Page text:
Realated Products

The BTE053 hearing aids use medical silicon material,weared comfortable,use high audiologic technology give the user clear sound,it's small and control easily.

This BTE042 Hearing Aids use a import digital sound processing,and use rechargeable battery so user never need to buy replaceable battery right now,simply.

This ITE002 Hearing Aids suitable for the elderly for its simple control.It has intelligent noise reduce chip make sure user get the clear true sound.

The RIC hearing aids support multi module and wireless control.It use a replaceable battery for each side of hearing aids,and it small weared comfortable.

Does your insurance covers hearing aids Purchase and Use


As a hearing aid manufacturer for over 15 years, the most we want to see is for our users to thrive and enjoy life with better hearing. However, like all jobs, I hate one part of my job... that is dealing with insurance companies!


If you don't have hearing health insurance, hearing aids can be a significant health investment, typically costing anywhere from $3,000 to $6,000. The cost of hearing aids is a combination of factors, including the expertise and service required to install and adjust hearing aids for a patient's hearing loss, as well as the advanced computer circuitry built into the device. Many people don't realize that these tiny devices have more computing and processing power than a full-size desktop computer (a desktop computer won't last long if you're in the shower 14 hours a day - something like a humid, warm environment to your ear canal). While the cost of technology has come down over the years, another aspect of hearing aid cost is the R&D used to create the advanced algorithms that make hearing aids so "smart" (e.g. state-of-the-art hearing aids) that can tell the speech you want to hear (e.g. The difference between your spouse sitting in front of you) and the speech at the table next to you, which is actually processed as background noise and reduced rather than amplified). Labs have spent millions developing the technology, so while the device itself may be relatively cheap to manufacture, the R&D costs are paid back when the technology hits the market. In the end, most of the cost you pay is for the time and expertise of a professional, such as a doctor of audiology to evaluate you and recommend the right options for your hearing loss, as well as the installation, programming and Continuing care. This is similar to having a knee replacement. The implant itself may be $2,000 or $3,000, but the success of the treatment is largely in the hands of the surgeon performing the procedure, which is where most of the cost comes from. Fortunately, most patients do not need surgery to hear better!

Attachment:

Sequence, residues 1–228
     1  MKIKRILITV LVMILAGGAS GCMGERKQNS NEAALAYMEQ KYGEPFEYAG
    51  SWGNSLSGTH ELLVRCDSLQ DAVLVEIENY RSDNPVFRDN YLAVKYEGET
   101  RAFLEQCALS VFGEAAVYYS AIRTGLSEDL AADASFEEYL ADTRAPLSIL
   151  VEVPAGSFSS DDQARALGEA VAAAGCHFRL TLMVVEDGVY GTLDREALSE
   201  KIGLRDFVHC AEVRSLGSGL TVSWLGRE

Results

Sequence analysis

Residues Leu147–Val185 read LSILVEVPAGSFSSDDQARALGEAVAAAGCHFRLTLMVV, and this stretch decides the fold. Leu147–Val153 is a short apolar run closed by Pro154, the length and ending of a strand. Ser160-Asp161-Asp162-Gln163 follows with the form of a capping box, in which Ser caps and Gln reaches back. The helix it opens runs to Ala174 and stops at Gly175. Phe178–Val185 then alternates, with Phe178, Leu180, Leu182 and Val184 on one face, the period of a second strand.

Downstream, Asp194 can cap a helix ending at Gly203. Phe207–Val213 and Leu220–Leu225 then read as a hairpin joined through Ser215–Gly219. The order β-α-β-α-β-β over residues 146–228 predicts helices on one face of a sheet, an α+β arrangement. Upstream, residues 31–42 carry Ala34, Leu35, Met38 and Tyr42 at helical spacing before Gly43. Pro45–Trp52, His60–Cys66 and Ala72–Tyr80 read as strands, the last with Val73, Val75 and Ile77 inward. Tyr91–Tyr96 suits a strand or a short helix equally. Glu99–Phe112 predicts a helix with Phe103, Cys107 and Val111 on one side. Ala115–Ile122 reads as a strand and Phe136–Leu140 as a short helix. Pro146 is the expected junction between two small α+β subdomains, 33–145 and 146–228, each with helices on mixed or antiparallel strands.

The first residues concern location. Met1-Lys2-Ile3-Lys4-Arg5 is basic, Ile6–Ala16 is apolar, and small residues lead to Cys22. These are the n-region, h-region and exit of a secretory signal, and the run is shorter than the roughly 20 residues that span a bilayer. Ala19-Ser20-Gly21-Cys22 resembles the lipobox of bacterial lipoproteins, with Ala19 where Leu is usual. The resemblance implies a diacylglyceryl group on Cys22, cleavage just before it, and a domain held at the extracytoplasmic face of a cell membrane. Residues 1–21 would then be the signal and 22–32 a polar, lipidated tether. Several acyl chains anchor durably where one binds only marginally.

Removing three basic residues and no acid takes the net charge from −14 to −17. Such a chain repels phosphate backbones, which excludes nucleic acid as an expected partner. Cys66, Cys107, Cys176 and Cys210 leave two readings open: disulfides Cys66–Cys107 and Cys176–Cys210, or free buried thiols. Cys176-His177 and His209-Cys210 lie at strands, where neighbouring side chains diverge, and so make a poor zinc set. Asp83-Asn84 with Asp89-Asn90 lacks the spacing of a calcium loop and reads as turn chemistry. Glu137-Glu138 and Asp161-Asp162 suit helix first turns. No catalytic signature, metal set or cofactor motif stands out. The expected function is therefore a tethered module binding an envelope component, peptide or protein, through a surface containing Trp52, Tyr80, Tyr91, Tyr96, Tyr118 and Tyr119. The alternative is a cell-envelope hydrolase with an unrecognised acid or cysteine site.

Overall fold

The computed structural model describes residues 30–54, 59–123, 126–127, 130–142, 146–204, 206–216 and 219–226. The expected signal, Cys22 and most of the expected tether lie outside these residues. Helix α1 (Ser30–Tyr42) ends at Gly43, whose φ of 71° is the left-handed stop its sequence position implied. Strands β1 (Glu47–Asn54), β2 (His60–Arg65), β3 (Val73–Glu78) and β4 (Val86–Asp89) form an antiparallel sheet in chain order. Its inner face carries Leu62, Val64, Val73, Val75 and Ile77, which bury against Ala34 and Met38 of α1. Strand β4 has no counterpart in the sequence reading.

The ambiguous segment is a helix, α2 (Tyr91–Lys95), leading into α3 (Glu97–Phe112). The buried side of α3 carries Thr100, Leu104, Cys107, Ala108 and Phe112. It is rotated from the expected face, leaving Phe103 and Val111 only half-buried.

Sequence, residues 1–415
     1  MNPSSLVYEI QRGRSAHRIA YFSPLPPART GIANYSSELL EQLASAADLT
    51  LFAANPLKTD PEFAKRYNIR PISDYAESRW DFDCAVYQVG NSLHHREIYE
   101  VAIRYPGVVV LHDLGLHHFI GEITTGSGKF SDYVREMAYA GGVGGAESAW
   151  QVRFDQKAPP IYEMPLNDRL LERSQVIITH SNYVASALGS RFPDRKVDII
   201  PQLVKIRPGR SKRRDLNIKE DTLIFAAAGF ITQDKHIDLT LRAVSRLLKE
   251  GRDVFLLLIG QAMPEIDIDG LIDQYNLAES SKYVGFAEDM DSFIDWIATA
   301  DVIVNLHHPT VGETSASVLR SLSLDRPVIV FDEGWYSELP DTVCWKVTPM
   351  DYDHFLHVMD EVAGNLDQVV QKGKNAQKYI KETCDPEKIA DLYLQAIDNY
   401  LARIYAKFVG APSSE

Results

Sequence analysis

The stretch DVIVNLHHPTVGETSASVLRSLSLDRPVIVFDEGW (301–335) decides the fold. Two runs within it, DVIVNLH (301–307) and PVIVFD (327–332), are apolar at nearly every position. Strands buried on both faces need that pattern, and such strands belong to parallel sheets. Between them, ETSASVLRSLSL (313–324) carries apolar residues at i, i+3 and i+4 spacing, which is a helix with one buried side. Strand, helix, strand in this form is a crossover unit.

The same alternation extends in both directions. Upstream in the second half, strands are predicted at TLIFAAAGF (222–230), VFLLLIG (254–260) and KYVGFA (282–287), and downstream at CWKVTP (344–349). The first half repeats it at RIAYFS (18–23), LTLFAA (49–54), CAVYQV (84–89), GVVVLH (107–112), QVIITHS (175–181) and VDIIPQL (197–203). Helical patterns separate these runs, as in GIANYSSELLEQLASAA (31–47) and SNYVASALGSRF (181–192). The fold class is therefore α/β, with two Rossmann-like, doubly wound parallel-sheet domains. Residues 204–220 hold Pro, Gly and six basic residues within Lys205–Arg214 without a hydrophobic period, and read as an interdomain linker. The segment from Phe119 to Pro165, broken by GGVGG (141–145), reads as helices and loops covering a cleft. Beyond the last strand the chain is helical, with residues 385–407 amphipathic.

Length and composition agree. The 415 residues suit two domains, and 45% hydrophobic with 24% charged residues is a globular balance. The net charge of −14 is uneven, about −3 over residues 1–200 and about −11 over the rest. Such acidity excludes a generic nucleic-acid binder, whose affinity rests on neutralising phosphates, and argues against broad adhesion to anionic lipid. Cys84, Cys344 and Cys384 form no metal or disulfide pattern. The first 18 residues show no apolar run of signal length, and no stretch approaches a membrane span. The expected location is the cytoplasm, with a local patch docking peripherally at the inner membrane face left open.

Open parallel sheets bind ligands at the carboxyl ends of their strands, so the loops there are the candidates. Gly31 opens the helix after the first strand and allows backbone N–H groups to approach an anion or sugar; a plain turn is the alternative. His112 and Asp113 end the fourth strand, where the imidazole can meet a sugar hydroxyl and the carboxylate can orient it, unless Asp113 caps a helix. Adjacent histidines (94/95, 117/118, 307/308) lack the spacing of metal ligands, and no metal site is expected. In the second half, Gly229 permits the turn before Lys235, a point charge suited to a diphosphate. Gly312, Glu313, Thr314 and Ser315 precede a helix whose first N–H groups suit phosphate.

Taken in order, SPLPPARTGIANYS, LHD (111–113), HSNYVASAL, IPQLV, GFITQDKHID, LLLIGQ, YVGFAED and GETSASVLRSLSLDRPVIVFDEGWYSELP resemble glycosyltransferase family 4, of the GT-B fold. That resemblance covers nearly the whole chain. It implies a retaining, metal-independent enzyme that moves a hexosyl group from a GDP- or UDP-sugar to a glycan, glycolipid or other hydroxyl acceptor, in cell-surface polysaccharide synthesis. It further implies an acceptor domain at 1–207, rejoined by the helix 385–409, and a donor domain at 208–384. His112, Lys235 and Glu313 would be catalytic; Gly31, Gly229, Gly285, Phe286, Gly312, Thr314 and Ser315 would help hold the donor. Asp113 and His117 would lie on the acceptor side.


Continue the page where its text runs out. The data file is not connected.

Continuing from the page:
Unlike knee surgery, however, most insurance plans, including Medicare, do not cover hearing aids. In fact, Medicare doesn't cover hearing aids, dental care, or vision care. If you have Medicare supplements that follow Medicare guidelines, your supplements won't cover them either. I wish they did! More than 80% of people over the age of 60 will experience some degree of hearing loss, so it is necessary. Some private insurance companies have hearing aid benefits, for example, they will cover $500 or $1000. It usually depends on whether the doctor is in or out of network, or whether the patient is meeting their deductible or out of pocket. To complicate matters, some insurers outsource their hearing care benefits to a "third-party" provider, thereby bringing another entity into the mix. This is very confusing for both patients (and doctors)! In fact, when you get your hearing aids, some of the professional services you pay your doctor go toward hiring someone who has to verify, file, and follow up on patient coverage. With third-party coverage, many patients will find that they don't actually have real hearing aid benefits - it's a discount program where you have to choose from a limited list of hearing aids before you get a "discount" device price from your hearing aids suggested retail price. Many professionals choose not to participate in these third-party programs due to the limitations of available technology and the reduced services covered. Depending on the program, sometimes the reimbursement the clinic receives doesn't even cover the cost of providing the service, so it can't participate. As a result, many private practice physicians do not participate in third-party programs. All in all, healthy hearing is a top priority, and care can be a major investment. The success of your results depends on many factors, including the provider's expertise and technical quality. Become an informed consumer, investigate what benefits you can expect, conduct research, choose the most qualified provider, and work with your doctor to choose the best treatment plan and hearing aids to maximize your success - your ears depend to it!